'People are questioning where everything is coming from.'
TASTER'S CHOICE: For a class, Bryant
students traveled to Costa Rica. Here they rate coffee.
COURTESY BRYANT UNIVERSITY
By Rebecca Keister PBN Staff Writer
While it’s not surprising that Colin Heneghan, a junior at Bryant University in Smithfield, recently found himself at a Myrtle Beach, S.C., Walmart searching for a set of speakers to amplify his spring-break sunbathing plans, his decision-making process might be.
“One was made out of 50 percent recycled material and the other [wasn’t]. The recycled one was a little bit more, but it’s the small changes that can really make a huge impact,” Heneghan explained. “My family never grew up using any of that stuff. But small things have opened my eyes about how we use materials.”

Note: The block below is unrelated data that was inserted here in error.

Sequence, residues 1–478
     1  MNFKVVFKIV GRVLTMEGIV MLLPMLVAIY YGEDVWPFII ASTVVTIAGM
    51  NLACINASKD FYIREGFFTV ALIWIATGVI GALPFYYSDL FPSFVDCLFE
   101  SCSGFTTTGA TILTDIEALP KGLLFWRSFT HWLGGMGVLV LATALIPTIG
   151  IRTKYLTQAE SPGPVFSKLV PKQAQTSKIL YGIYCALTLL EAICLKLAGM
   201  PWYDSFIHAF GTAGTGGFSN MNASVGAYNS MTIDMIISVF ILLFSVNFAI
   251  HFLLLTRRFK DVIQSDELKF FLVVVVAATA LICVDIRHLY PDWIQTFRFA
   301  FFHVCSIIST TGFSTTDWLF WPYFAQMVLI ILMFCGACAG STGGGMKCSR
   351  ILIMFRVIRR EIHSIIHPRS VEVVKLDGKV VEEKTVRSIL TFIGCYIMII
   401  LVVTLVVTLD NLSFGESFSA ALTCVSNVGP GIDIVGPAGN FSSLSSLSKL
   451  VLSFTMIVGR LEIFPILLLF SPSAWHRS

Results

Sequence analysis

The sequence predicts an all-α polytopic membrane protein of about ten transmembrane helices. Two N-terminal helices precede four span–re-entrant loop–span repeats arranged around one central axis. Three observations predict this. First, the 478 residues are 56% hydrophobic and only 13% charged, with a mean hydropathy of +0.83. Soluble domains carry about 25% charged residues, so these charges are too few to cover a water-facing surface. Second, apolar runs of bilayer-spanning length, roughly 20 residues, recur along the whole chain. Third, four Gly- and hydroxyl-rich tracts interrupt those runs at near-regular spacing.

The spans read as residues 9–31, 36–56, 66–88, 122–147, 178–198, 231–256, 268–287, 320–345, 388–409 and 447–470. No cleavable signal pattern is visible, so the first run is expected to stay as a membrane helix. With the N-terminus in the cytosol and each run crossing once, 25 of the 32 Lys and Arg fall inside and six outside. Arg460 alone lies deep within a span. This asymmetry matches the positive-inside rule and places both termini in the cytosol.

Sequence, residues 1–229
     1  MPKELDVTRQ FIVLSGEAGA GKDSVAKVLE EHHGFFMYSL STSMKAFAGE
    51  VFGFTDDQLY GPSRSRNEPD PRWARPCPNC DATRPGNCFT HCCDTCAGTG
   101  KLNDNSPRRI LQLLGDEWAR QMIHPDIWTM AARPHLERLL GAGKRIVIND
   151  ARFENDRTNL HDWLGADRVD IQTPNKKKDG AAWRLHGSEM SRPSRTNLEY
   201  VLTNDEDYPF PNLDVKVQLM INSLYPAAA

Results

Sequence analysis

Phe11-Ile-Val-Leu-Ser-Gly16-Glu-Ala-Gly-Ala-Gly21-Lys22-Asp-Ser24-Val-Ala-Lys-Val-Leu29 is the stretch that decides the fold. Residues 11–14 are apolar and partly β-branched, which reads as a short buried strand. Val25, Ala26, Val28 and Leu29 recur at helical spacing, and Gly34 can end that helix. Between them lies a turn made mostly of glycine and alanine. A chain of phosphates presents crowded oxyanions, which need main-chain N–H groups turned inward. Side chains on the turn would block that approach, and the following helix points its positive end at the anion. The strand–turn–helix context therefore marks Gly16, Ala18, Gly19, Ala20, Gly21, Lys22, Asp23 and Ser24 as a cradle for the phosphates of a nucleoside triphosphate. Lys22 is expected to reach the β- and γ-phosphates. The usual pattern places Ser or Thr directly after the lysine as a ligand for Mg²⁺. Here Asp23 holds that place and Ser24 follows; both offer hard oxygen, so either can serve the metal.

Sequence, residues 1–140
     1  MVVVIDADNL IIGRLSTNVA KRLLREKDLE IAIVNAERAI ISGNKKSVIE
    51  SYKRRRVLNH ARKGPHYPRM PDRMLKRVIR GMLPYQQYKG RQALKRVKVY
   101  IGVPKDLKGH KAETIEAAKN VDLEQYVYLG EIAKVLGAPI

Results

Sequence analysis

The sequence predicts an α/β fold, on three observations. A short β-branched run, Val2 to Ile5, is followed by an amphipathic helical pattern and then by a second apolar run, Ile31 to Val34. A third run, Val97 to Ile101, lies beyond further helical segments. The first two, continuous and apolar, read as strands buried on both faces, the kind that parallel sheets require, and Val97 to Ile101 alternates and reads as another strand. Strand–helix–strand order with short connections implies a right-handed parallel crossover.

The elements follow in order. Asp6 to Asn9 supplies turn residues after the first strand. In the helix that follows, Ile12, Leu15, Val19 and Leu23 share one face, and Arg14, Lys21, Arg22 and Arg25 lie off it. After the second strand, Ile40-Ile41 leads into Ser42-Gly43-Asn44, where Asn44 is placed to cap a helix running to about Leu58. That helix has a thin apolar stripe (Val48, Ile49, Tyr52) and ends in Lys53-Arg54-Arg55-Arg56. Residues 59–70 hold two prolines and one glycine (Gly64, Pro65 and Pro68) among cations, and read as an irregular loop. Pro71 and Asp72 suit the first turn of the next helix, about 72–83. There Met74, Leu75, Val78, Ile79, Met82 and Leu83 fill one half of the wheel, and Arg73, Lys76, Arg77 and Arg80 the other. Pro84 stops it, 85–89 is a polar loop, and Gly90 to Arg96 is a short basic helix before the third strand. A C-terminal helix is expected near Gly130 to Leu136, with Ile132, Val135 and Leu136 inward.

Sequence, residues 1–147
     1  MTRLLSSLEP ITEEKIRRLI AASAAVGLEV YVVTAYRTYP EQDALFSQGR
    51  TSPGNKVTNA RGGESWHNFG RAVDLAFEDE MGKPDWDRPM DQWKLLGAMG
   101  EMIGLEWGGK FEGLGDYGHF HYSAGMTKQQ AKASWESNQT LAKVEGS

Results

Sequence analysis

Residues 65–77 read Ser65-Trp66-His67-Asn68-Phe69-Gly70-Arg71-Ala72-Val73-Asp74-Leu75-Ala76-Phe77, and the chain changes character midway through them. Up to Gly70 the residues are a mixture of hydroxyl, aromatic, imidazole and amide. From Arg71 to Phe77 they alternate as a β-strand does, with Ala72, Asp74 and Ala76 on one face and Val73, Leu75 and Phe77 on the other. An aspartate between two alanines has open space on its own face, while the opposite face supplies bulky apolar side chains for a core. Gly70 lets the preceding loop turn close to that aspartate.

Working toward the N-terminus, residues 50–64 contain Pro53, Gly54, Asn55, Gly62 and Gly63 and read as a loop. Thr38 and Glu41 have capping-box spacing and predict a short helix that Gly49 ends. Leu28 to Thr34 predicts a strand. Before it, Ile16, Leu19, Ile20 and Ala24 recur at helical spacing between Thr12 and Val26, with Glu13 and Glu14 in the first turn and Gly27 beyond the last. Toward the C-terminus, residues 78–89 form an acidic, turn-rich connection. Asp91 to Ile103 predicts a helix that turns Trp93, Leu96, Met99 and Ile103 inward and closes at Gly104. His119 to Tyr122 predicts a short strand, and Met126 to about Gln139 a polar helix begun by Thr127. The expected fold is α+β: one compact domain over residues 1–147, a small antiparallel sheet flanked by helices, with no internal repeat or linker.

Heneghan’s eyes were opened when he and 17 other Bryant upperclassmen traveled last winter to Costa Rica to earn credits in a sustainable-marketing class that focused on examining the country’s coffee trade, from bean to cup.
Overwhelming curiosity in the class, organized and taught by professors Sharmin Attaran and Stefanie Boyer, subsequent social media outreach efforts and on-campus events all suggest a growing student interest in leading a sustainable lifestyle. And universities across the region are stepping up efforts to feed that desire.
“People are starting to question where everything is coming from,” Attaran said. “All my students are much more aware of the content in their food that they buy, the clothes that they wear.”
Calling the sustainable movement a trend, however, could be contradictory to the permanent place local higher education institutions are aiming to find for it to meet student demands.
The ECCO (Environmental Conscious Communitarian) House at Wheaton College, in Norton, Mass., has long been one of the most involved of the college’s theme houses devoted to living-learning environments.